How pretentious even ridiculous to call this tiny house a Castle ! Castellas from occitan (ancien language of Southern France) meaning ‘big castle’. Nevertheless, it’s the name inherently used throughout generations and even today by the residents: « Let’s go to the Castle… I’ll spend my summer holidays at the Castle ».
Le Castellas is the hamlet surrounding the church, in the ‘Mas de Londres’. Originally it was a medieval fortified castle, then a late XVIth Century mansion, which became abandonned and finally fell to ruin towards the end of the XVIIth Century. Up for sale in mid XIXth Century the Castellas was divided and sold. One half was partially reconstructed and the other was totally demolished. Builders used stones from the demolition to locally construct other houses and buildings.
The ruins of the Castellas early XIXth Century , J. Amelin, 1824
From the XIIth Century castle only parts of the north-east fortified walls remain standing. The nave of the church also dates back to this
period. In 1557, Fulcrand de Roquefeuil, Lord of La Roquette and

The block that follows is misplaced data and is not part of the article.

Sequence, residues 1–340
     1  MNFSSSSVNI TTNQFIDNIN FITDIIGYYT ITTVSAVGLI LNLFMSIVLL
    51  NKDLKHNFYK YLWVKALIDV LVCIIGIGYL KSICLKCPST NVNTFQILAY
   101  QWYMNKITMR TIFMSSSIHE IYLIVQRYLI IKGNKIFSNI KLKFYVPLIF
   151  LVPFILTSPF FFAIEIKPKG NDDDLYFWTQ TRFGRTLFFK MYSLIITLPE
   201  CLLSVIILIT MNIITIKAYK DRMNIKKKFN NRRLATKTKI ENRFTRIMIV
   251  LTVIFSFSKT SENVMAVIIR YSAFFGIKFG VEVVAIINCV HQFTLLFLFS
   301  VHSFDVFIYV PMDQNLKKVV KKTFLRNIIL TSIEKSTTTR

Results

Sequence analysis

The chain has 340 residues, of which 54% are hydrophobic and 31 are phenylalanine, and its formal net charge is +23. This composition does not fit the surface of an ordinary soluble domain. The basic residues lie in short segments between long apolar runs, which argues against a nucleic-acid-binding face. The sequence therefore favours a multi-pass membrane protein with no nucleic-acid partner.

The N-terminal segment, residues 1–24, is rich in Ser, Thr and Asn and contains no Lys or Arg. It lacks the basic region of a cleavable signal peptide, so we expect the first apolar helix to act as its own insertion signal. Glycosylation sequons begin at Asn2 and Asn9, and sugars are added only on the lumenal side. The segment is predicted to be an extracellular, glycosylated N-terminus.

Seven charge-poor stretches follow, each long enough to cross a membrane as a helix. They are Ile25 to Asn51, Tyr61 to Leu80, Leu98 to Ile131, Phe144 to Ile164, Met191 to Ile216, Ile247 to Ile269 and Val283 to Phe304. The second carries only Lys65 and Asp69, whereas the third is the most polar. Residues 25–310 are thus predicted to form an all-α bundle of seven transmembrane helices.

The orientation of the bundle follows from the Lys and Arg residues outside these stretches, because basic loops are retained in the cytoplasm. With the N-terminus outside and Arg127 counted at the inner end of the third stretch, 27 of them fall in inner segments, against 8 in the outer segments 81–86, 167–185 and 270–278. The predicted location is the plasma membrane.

owner of the Castel de Londres decided to undertake the construction of a renaissance sytle mansion on the ruins, which
enabled him to move from his ageing and unconfortable keep perched on the summit of the Hortus (cliff facing the Pic St Loup). His new dwelling became the Castel de la Roquette. Later the Roquefeuil family extended the church to make their mausoleum. At
this period, the Castel proudly displayed towers, wide
widows and two magnificent sculptured doorways. One of which closed the northeast-facing yard , the other created an entrance to the southeast wing.
In the XVIIIth Century, the family Roquefeuil abandonned the mansion to settle in another of their many nearby properties (Brissac). The Castel de la Roquette progressively lost its glory and fell into oblivion until the early XIXth Century when old romantic ruins became fashionble. Rich travellers such as J-M Amelin, Taylor and Rodier, made precious sketches and watercolors showing the remains of the ruined building.
Main doorway (presently destroyed and lost) by Taylor and Rodier, 1835
Land register (circa 1825) : the Castellas corresponds to the plot N° 167. The present land register shows what remains: the « Presbytère » (plot N° 97) and the Gîte (plot N° 96).
was purchased by my great grand father Jean-Pierre Moure in the 1890’s and remains in the family to this day. It’s restoration was undertaken in 2007 and was completed in June 2009.